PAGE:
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Fine Motor Skills Examples and Fine Motor Development by Age

Jan 03rd, 2023 | by Audrey Dwinnel, OTD, OTR/L

Audrey Dwinnel, OTD, OTR/L

January 03rd, 2023

What Are Fine Motor Skills?  

If your child attends occupational therapy, you will likely hear their therapist talk about fine motor skills. Fine motor skills are the coordinating of the smaller muscles of the body, most frequently in the hand, wrist, and fingers. This also includes the coordination of the eyes and what you have probably heard as “eye-hand coordination.” In this blog, NAPA pediatric occupational therapist discusses fine motor development, including fine motor examples and activities by age.

Fine Motor Skills Examples

Fine motor skills are used throughout everyday life in ways adults typically don’t even realize! For example, fine motor skills are needed for things like self-feeding, dressing and undressing, grooming/bathing, toothbrushing, writing, and even texting. For a child, fine motor skills are important for completing school work such as drawing, coloring, and writing their name. They are also important for independence with self-care.

Before going through fine motor skills examples by age below, we’ll first share a general overview of some of the most common things that require fine motor skills:

  1. Writing, drawing, coloring
  2. Cutting with scissors
  3. Clapping hands
  4. Waving
  5. Using utensils for eating
  6. Brushing teeth
  7. Tying shoes
  8. Turning the pages of a book
  9. Playing Legos
  10. Putting together a puzzle


Understanding Fine Motor Development

Motor skills develop in what is called the developmental sequence, which moves from head to toe. This essentially means that skills appear as they build upon each other starting with head and trunk control, working down to shoulders, elbows, wrists, and fingers, as well as hips, legs, feet, and toes. You have likely heard of the terms ‘milestones’ or ‘inch stones’ which are the skills that are achieved as a child develops. Children typically grow from their torso or core, out. Because of this, children also develop gross motor skills before fine motor skills.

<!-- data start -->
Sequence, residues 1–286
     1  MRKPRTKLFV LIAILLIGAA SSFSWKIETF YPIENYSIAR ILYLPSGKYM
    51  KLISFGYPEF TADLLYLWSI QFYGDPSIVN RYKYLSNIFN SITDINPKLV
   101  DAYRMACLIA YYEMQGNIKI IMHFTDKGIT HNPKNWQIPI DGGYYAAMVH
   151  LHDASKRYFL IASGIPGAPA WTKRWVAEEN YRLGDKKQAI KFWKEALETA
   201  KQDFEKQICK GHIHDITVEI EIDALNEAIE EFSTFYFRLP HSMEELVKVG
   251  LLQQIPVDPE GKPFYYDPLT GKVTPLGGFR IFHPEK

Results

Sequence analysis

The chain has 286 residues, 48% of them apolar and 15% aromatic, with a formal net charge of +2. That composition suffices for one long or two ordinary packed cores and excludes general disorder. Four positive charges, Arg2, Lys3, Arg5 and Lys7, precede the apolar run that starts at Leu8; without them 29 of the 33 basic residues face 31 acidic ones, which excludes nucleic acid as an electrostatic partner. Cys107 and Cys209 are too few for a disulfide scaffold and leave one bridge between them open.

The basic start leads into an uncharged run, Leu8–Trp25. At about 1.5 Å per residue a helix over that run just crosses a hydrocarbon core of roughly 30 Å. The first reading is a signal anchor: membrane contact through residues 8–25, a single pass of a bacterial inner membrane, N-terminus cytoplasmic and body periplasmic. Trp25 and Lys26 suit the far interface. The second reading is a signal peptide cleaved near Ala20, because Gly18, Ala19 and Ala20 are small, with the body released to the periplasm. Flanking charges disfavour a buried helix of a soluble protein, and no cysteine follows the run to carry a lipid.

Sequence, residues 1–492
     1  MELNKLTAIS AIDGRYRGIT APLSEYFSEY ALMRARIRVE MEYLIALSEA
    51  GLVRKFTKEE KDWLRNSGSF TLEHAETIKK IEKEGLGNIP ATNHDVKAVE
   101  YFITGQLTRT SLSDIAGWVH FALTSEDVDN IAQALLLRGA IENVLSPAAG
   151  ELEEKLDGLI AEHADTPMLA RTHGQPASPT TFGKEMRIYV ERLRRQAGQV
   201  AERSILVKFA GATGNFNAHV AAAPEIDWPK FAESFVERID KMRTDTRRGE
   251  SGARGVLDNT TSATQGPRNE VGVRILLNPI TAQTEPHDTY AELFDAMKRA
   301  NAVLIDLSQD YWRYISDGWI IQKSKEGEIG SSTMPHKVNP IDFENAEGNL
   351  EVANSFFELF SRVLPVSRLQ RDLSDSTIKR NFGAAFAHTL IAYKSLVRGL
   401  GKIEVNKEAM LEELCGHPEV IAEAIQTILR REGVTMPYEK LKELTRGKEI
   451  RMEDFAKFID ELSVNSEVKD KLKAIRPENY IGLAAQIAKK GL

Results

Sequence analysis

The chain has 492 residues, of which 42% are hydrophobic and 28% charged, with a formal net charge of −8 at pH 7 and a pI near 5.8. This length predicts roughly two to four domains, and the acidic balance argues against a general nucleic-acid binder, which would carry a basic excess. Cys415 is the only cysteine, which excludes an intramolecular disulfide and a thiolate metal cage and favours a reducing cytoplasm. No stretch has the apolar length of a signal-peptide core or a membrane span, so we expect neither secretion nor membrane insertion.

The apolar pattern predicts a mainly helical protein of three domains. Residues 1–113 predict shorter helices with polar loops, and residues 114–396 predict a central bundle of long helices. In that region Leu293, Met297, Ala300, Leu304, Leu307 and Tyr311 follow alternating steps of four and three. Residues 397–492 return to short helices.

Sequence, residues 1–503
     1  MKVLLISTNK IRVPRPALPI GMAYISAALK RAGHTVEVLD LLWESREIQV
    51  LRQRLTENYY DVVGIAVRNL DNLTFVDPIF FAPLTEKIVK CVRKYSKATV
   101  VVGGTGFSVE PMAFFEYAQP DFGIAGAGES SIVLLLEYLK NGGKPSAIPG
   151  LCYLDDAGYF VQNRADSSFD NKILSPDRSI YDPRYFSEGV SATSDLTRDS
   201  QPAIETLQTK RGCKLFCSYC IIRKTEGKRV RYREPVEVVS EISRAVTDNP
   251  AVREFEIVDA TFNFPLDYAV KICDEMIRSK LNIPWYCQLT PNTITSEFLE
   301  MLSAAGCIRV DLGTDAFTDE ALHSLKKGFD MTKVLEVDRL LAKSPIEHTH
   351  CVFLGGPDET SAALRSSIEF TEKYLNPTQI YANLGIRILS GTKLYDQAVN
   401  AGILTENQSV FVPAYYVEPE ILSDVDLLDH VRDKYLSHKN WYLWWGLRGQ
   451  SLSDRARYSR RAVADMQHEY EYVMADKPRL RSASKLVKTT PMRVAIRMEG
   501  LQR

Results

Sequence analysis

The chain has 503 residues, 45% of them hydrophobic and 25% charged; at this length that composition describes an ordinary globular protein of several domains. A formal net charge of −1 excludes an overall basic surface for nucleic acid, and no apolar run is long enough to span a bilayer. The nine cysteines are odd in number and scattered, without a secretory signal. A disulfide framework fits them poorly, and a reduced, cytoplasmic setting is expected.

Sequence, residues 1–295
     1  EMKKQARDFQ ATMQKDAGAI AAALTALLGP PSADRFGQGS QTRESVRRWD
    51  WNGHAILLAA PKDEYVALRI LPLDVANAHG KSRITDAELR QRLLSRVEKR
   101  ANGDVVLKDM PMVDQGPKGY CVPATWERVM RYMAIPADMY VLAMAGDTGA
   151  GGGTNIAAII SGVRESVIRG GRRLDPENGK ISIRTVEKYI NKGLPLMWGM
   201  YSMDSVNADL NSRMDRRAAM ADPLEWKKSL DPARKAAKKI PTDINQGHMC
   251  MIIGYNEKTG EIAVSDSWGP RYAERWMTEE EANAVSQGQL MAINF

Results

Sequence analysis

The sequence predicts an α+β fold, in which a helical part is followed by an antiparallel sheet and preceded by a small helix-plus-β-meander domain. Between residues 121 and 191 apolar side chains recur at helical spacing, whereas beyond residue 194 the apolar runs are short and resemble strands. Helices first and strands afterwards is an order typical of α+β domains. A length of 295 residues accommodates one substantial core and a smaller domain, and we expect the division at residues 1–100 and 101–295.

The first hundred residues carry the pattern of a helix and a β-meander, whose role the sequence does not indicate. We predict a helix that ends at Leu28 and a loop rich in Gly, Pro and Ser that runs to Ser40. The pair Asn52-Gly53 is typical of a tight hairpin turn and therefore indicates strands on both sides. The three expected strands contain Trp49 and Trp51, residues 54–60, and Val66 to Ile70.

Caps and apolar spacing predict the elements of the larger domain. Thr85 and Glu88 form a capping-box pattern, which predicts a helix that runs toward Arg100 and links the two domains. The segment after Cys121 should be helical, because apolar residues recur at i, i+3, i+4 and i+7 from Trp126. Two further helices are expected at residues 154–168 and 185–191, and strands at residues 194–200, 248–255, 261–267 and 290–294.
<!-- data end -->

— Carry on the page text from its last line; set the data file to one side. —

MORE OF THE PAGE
We need the basis of gross motor skills and strength before we can strengthen the smaller muscles.

Fine Motor vs. Gross Motor

Now, let’s quickly explain the difference between fine motor skills and gross motor skills and how they work together. Essentially, gross motor skills involve the large muscle groups of the arms, legs and trunk, whereas fine motor skills involve small muscles of the body, typically thought of as the movements that involve the fingers and the hands. Gross motor skills are the larger, more stabilizing skills such as balance and locomotion including things like sitting, crawling, creeping, and walking. Examples of fine motor skills are things like coloring, drawing, writing, grasping, and dressing.

Therapists will often say “proximal stability leads to distal mobility.” Proximal means closer to the body, like your shoulders and hips, where distal means farther from the body, like your wrists and ankles. So, without stability and strength in your bigger muscles, it is much harder to achieve mobility in your smaller muscles. This is why you will often see therapists focusing on gross motor movements before fine motor movements.


Fine Motor Skills Examples by Age

Below, you will find some examples of fine motor skills by age. This is a general guideline as each child develops at a different pace. Typically, fine motor development milestones for infants, toddlers, and children are as follows:

0-3 months:  

  • Brings hands to mouth
  • Moves arms against gravity
  • Might try to swing arms at toys
  • Hands begin to open more

3-6 months: 

  • Holds small object (without thumb tucked)
  • Holds hands together
  • Reaches for items with both hands
  • Pushes up on arms during tummy time
    Briefly sustains grasp on a toy (ex. rattle)
  • Follows objects with eyes

6-9 months:  

  • Shakes and bangs rattles
  • Brings toys to mouth
  • Uses a raking grasp (all fingers rather than just 2-3)
  • Transfers objects from one hand to the other
  • Keeps hands open and relaxed
  • Starting to try to pick up small items like Cheerios

9-12 months:  

  • Able to release an object
  • Hands toy to caregiver
  • Bangs items together
  • Turns pages of book (one at a time if cardboard, 2-3 together if paper)